The above two photos, taken today at our feeder with the Sony’s 70–210 E-mount lens fully zoomed, show that the migration continues. This species has graced our sunflower seed feeder since 2011.
When I returned in the Toyota shuttle from delivering the car for its annual maintenance my spotter excitedly announced her sightings of the above and a black-throated blue warbler, who was in the two pink rose bushes that climb, and crown, our ancient arbor at the bottom of the deck stairs. I was too late for that warbler.
A few other recent photos:
Our magnolia in a brief moment of sun
Even grey can show beauty. At 72, that’s thinking good thoughts.
Update May 2: Could not find the night-heron the next day and haven’t looked since.
Years and years ago my grandson and daughter lived with us. We bought our grandson a goldfish when he was almost four. He named it Skipper. One day, after several months, he came to me and said “Grandpa, Skipper stopped.” He was new to the concept of death. Observing him taught us so many new ways of looking at life. He turned twenty in October and is doing well in his sophomore year working toward a Bachelor of Animation. He is now showing his professors new ways of looking at their worlds and their art.
My uncle Eric was my closest uncle and a wonderful mentor.
He gave me my first watch at 7, my first ukelele at 9 and introduced me to photography when he gave me my first camera at 13 or 14, showing me how to use it – the intricacies of combining shutter speed, f stop and film sensitivity to create a properly exposed photo. He did his own darkroom work and had an incredible ear for finding the right, very sophisticated chord on a guitar.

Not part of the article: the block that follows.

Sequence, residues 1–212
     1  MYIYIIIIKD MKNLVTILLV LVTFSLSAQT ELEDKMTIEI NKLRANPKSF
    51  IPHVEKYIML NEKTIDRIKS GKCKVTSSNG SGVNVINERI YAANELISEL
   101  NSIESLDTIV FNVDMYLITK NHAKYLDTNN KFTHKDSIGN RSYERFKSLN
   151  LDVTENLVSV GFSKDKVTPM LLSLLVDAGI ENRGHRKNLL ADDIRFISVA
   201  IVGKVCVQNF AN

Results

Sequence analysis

Eric and my mother’s younger sister, Rita, were wonderful to my sister Anne and me. Eric could pull an original bedtime story out of his head and we loved his stories. He was devoted to Rita and welcomed Stella, his mother-in-law, into their home, where she lived for many, many years.
His sense of humour was really original, as one of the macabre photos below and in this short, YouTube tribute I put together from old photos demonstrates.
Woke up this morning late to the local 7 AM CBC Toronto news on our clock radio. That’s late for me. Lately I’ve been waking up at 4:30 AM with all sorts of timely crap buzzing around in my head.
The radio is an alarm – this morning it was more than that – it was alarming. There were half a dozen items – five wars and Harper visiting the Arctic to stake out Canada’s claim to part of the high Arctic – and, of course, the rights of the “Canadian People” to drill for oil there. Or, more accurately, the right of that same nebulous, convenient, idea, the “Canadian People”, to let foreign multinationals drill there and scoop up most of the profits.
On our regular 4 km walk before breakfast, I reflected on how harmful and obsolete the ideas of nation, state, race, creed, etc. have become. I had just read Otrazhenie’s heart-rending poem/post, War Is Evil, War is the Devil…. The raw emotion and deep insight in this piece touched me vividly. Otrazhenie is a person whose grandmother was Ukrainian and grandfather was Russian, as revealed in her post A Prayer for Ukraine. Her youthful summers visiting relatives in a coal-mining town in the Ukraine in the 1980’s are related in this delightful, candid and carefully crafted post, Private Mousen.
In these days of intermarriage there are a growing number of people like Otrazhenie who see the big picture. That is one of the few hopeful things on this planet.
We need to see all humans as one. More than that – we need to see all life as One. Creeds and borders must become things of the past, as must the hatreds that spring both from genuine persecution and manipulative, profit-centred propaganda.
All this made me remember John Lennon’s song, Imagine, and feel it more deeply than ever. It is truly a recipe for what ails the human spirit.